Conservative Viewpoints

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Scholar tells NPR “Iraq is improving”

Posted by Stephen on April 10, 2007

Fouad Ajami, director of the Middle East Studies Program at the Johns Hopkins School of Advanced International Studies, recently returned from his seventh trip to Baghdad. Ajami is a writer who has been a supporter of the war, but who wrote a book on why it went so wrong.

Accompanied by body guards, Ajami traveled throughout Baghdad. In his opinion things are changing in the Iraqi capital.

“There is a tremendous sense of optimism and hope invested in this security plan.”

Ajami acknowledged that suicide bombings by Sunnis have increased. However, sectarian violence has abated and moved elsewhere, and Baghdad might feel a little better now. Yet, there is something else that Ajami sees in this country he loves.

“There’s something else that has happened. It is the brutal truth that no one wants to talk about. Sunnis have lost the battle for Baghdad and if you talk to their leaders, clerics and politicians alike, they will tell you they have lost the battle for Baghdad. Their whole argument that the Americans have to pack up and leave has subsided and has been replaced by a desire to see the Americans can stay and to see whether their own leaders, Sunni leaders, can strike a better deal for them. This is a very monumental change in Baghdad,” Ajami told NPR radio.

The great struggle now, as Ajami sees it, lies in the leadership of Iraq. While Kurds, and Shiite communities are well represented in the newly elected Iraqi government, Sunnis are not. Sunnis placed their faith in the insurgency and now they find themselves on the outside looking in.

There are a million Iraqi Sunnis in Syria, 700,000 Sunnis in Jordan, and tens of thousands of Sunnis in Egypt and the United Arab Emirates. Most of these Sunnis represented the middle class of the nation and were the only ones allowed to leave under the former tyrannical rule. The problem is that those Sunnis that are engaged in the government are not considered truly representative of the Sunnis left in Iraq.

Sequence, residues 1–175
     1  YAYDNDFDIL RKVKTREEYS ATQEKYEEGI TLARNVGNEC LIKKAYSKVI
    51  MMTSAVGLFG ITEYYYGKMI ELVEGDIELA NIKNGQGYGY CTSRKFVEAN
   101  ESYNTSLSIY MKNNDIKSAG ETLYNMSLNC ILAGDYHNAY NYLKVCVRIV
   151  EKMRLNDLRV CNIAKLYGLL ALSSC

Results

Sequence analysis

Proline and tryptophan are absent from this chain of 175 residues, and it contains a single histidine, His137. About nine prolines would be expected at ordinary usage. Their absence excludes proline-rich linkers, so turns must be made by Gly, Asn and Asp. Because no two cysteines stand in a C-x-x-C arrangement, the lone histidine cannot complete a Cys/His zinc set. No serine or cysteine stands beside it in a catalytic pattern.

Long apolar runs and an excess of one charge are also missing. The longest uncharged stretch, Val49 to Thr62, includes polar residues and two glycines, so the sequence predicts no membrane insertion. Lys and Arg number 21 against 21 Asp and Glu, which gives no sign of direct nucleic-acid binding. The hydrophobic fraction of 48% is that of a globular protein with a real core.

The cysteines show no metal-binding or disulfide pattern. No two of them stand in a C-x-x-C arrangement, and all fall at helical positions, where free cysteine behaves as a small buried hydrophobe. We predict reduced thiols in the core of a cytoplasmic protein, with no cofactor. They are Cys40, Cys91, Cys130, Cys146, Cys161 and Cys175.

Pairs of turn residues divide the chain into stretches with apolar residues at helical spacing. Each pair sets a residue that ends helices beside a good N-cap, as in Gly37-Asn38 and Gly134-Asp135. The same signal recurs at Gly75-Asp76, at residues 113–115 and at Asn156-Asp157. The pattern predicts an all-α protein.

“There are many Sunni leaders in the inner circles of power. The problem is the Sunni streets, I don’t like the term but it lends itself-it’s handy, they will turn around and tell you that these people don’t represent them, they are instruments of the Shiite. I personally think these Sunni Arabs are recognizing that these Sunnis in government are the ones that will represent them better,” shared Ajami.

Ajami recognizes that there is much work to be done. He spoke on NPR about the human suffering that exists, the loss of schools, hospitals and other essentials that hurt civilized society.

Yet, Ajami clearly sees a tide of change not embedded in the additional soldiers, but in the hearts and minds of Iraqis that may now by seeing the possibilities of building a nation of their own and staking a claim on a future based on freedom.

Stephen Winslow is the executive editor of Conservative Viewpoints.

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